Writing Structured VBA Programs

In This Chapter

^ Discovering the structure used by most programs ^ Using structure to your advantage ^ Creating programs by using the Macro Recorder ^ Creating a program by using a Sub ^ Creating a program by using a Function ^ Hiding some program elements by using scope ^ Adding white space to programs ^ Adding comments to your code

■ n Chapters 1 and 2, I concentrate on describing the basics of VBA programming without discussing an important element that VBA programs need — structure. Adding structure makes code easier to read and use. It's also a mandatory part of the development process.

There are a number of ways to look at structure in a program. Just as you use an outline to structure a presentation, you need to add structure to your program to make it work properly. Using structure in a program is like using a checklist with a large customer order — it helps you ensure that all the program elements are in place. The structure that you add to a program is like presenting numeric information with a graph — it makes the content of the program easier to see and understand.

In this chapter, I present various forms of structure. The obvious structuring element is physical. By using physical structure, you can divide your program into small pieces that are easy to write and understand. Many people divide programs into task-oriented pieces. It helps to use the Macro Recorder to see how you can create small tasks out of larger procedures, so this chapter discusses how to use the Macro Recorder to discover more about your specific program needs.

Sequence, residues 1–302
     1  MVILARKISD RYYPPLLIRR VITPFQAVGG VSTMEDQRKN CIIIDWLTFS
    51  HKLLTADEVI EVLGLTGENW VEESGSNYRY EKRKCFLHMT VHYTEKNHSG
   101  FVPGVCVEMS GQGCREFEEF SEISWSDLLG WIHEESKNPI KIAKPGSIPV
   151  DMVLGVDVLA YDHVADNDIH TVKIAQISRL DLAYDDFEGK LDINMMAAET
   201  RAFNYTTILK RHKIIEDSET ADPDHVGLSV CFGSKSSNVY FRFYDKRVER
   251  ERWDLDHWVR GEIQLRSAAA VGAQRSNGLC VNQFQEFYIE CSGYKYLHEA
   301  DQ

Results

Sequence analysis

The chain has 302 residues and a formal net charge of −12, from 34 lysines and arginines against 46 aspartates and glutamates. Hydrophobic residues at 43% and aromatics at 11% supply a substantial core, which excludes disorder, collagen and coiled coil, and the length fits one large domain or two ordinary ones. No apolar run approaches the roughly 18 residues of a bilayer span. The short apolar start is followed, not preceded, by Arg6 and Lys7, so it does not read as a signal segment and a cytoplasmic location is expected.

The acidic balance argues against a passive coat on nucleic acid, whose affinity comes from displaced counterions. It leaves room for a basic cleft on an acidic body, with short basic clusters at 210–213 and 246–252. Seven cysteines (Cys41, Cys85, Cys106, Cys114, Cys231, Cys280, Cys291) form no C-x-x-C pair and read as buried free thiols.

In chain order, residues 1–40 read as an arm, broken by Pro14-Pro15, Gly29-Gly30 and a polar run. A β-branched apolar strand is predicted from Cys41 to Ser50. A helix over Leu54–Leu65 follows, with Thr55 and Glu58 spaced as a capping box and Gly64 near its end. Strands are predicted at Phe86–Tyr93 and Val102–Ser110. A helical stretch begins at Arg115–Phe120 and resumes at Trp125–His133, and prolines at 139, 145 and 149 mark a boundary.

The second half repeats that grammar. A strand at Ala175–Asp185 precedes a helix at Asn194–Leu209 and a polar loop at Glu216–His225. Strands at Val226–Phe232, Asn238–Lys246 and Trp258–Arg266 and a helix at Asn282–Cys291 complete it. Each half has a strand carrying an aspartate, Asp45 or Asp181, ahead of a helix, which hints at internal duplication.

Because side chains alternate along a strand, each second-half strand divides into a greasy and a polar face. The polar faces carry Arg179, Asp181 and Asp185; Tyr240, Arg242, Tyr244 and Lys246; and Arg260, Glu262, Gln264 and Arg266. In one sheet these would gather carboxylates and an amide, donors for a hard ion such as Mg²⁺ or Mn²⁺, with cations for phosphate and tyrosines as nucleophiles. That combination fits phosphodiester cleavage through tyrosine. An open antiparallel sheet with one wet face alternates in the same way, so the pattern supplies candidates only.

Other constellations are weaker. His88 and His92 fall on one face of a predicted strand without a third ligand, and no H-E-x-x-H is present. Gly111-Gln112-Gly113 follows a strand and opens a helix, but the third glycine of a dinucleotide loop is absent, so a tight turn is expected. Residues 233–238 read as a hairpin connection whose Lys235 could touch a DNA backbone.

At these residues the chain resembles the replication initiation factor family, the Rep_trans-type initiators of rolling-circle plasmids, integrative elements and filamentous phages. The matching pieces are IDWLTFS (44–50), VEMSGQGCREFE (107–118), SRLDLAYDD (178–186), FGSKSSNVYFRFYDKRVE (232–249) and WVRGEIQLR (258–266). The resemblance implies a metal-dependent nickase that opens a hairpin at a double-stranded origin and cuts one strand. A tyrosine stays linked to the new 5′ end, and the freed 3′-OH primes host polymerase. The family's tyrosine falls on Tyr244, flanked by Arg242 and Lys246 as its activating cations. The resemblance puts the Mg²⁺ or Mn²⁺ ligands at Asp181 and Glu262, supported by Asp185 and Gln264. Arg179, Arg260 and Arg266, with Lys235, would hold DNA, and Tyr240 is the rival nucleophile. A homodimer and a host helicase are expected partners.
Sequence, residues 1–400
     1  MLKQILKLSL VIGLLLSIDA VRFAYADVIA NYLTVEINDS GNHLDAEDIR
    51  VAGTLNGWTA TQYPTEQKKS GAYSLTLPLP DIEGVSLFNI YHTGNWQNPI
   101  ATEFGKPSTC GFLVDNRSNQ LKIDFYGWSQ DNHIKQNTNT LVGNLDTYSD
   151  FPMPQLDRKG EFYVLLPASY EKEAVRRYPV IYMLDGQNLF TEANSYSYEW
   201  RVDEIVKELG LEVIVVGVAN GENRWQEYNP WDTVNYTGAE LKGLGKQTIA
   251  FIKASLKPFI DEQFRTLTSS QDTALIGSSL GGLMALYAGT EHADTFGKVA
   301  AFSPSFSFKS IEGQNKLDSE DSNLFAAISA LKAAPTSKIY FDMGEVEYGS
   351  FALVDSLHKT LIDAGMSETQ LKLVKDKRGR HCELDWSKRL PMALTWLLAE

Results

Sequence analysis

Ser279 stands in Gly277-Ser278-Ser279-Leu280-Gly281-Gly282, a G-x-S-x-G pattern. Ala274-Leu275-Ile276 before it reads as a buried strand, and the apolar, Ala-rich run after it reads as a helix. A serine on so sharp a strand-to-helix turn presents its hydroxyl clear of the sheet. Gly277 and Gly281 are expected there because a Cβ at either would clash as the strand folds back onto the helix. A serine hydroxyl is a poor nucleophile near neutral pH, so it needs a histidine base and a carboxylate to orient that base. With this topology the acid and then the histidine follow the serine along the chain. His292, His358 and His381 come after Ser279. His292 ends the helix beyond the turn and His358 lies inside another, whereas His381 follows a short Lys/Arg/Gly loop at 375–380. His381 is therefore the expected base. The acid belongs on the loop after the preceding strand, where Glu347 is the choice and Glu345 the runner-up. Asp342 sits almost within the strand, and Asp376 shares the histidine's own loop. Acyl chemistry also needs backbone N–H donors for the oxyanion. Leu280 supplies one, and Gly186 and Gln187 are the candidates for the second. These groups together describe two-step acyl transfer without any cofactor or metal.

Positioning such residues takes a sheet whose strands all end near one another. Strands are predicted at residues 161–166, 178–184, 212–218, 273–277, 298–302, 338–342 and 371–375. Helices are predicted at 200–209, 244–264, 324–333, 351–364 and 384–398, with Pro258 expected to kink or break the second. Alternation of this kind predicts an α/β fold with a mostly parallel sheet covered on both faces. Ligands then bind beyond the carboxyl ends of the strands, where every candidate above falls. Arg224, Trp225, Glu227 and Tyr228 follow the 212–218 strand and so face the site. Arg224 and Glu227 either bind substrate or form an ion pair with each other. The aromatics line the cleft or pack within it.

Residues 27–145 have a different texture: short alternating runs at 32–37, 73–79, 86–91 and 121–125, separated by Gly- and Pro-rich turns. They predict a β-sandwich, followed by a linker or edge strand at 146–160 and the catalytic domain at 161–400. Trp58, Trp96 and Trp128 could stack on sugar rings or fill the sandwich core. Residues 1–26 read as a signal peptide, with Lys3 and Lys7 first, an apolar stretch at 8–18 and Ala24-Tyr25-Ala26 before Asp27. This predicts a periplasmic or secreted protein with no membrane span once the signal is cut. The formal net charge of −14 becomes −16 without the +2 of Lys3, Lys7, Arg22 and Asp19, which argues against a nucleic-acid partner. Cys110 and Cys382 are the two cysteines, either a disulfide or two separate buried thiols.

Another form of structure includes the concept of privacy. Consider who can see your program and how they can use it. Scope, which is the act of determining the range of program access, is important because you want to make some parts completely private and other parts completely public.

Finally, there are visual elements of structure. How you use white space when you write your program can make the difference between reading it and scratching your head. In Chapter 2, I discuss the use of comments in the form of pseudo-code, but you might find that you need additional comments to help someone truly understand your program (and to jog your memory when you need to make alterations).

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